Digital Hair Removal
Many dermoscopic images show configurations where the areas of interest (e.g., lesions) are partially occluded by hairs. While such occluders may not be critical for human investigation, they pose major challenges for automatic image analysis method such as segmentation and/or classification.
Digital hair removal
To address this issue, several so-called digital hair removal (DHR) algorithms have been developed [Lee et al., 1997; Huang et al., 2013; Fiorese et al., 2011; Xie et al., 2009; Kiani et al., 2011; Abbas et al., 2011]. Such DHR methods consist of two steps:
- detection of occluding hairs, using various morphological techniques that search for thin and elongated objects in the image;
- removal of detected hairs, using image inpainting methods.
While several DHR methods exist, they are typically challenged by complex morphologies, such as dense, variable-color, curled hair overlaid atop of high-contrast skin textures. A robust DHR method able to detect and remove a wide range of occluding hair morphologies from all pigmented skin lesions is still needed.
We have developed a new DHR method based on the key observation that hairs are best detected at all luminance levels in an image rather than a single level. Following this observation, our method works as follows (see also the figure below):
- reduce the image (a) to a threshold-set representation, following our skeleton image coding method;
- compute thin and elongated gaps at each level, following our gap detection method
- assemble all detected gaps in a single mask image (b)
- filter the mask to find thin and elongated hairs (c,e)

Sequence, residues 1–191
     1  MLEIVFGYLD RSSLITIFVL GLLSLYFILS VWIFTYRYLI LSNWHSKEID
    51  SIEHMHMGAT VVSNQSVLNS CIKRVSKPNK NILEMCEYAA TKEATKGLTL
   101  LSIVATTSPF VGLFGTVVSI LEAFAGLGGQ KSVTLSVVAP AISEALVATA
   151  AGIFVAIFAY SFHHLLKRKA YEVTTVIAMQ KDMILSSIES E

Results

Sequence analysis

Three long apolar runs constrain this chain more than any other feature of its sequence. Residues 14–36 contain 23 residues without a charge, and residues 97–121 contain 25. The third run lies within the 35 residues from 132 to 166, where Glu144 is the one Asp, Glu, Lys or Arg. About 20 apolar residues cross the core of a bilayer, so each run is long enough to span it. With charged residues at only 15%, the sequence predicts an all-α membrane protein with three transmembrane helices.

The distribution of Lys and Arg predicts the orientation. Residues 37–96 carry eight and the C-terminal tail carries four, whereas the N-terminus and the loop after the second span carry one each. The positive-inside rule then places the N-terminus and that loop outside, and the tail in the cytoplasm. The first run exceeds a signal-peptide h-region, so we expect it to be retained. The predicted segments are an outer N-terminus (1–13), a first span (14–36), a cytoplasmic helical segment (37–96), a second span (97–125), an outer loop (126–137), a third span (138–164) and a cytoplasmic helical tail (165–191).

- remove the found hairs using image inpainting (f)
Results and comparison
We have compared our method on over 300 dermoscopy images, acquired with several imaging modalities and from several sources. We compared our results with five recent DHR methods [Lee et al., 1997; Huang et al., 2013; Xie et al., 2009; Fiorese et al., 2010; Abbas et al., 2011]. The results show that our method is able to detect and remove more hair structures than all other methods.
The figure below compares our method with DullRazor [Lee et al., 1997] and Huang et al., 2013
The figure below compares our method with Xie et al., 2009 and Huang et al., 2013
The figure below compares our method with Abbas et al., 2011 and Huang et al., 2013
The figure below compares our method with VirtualShave [Fiorese et al., 2011]
Our entire method is implemented in C++ using Nvidia CUDA for the GPU computation of skeletons, distance transforms, and erosions and dilations. For this, we use our GPU skeleton computation platform described here. All in all, our method runs fully automatically and at speeds comparable with, or lower than, the DHR methods tested against, on a modern laptop computer.
Our comparison of the proposed DHR method with five recent DHR methods on over 300 images represents, to our knowledge, the most extensive study of DHR methods available in the literature up to date.
The implementation of our DHR method (written in C++, requiring Nvidia CUDA and a compatible GPU) is available here
- Abbas, Q., Celebi, M.E., Garcıa, I.F.: Hair removal methods: A comparative study for dermoscopy images. Biomedical Signal Processing and Control 6(4), 395–404 (2011)
- Fiorese, M., Peserico, E., Silletti, A.: VirtualShave: automated hair removal from digital dermatoscopic images. In: Proc. IEEE EMBS. pp. 5145–5148 (2011)
- Huang, A., Kwan, S., Chang, W., Liu, M., Chi, M., Chen, G.: A robust hair segmentation and removal approach for clinical images of skin lesions. In: Proc. IEEE EMBS. pp. 3315–3318 (2013)
- Kiani, K., Sharafat, A.R.: E-shaver: An improved dullrazor for digitally removing dark and light-colored hairs in dermoscopic images. Comput. Biol. Med. 41(3), 139–145 (Mar 2011)
- Lee, T., Ng, V., Gallagher, R., Coldman, A., McLean, D.: Dullrazor : A software approach to hair removal from images. Comput. Biol. Med. 27(6), 533–543 (1997)
- Xie, F., Qin, S., Jiang, Z., Meng, R.: PDE-based unsupervised repair of hair-occluded information in dermoscopy images of melanoma. Comp. Med. Imag. Graph. 33(4), 275–282 (2009)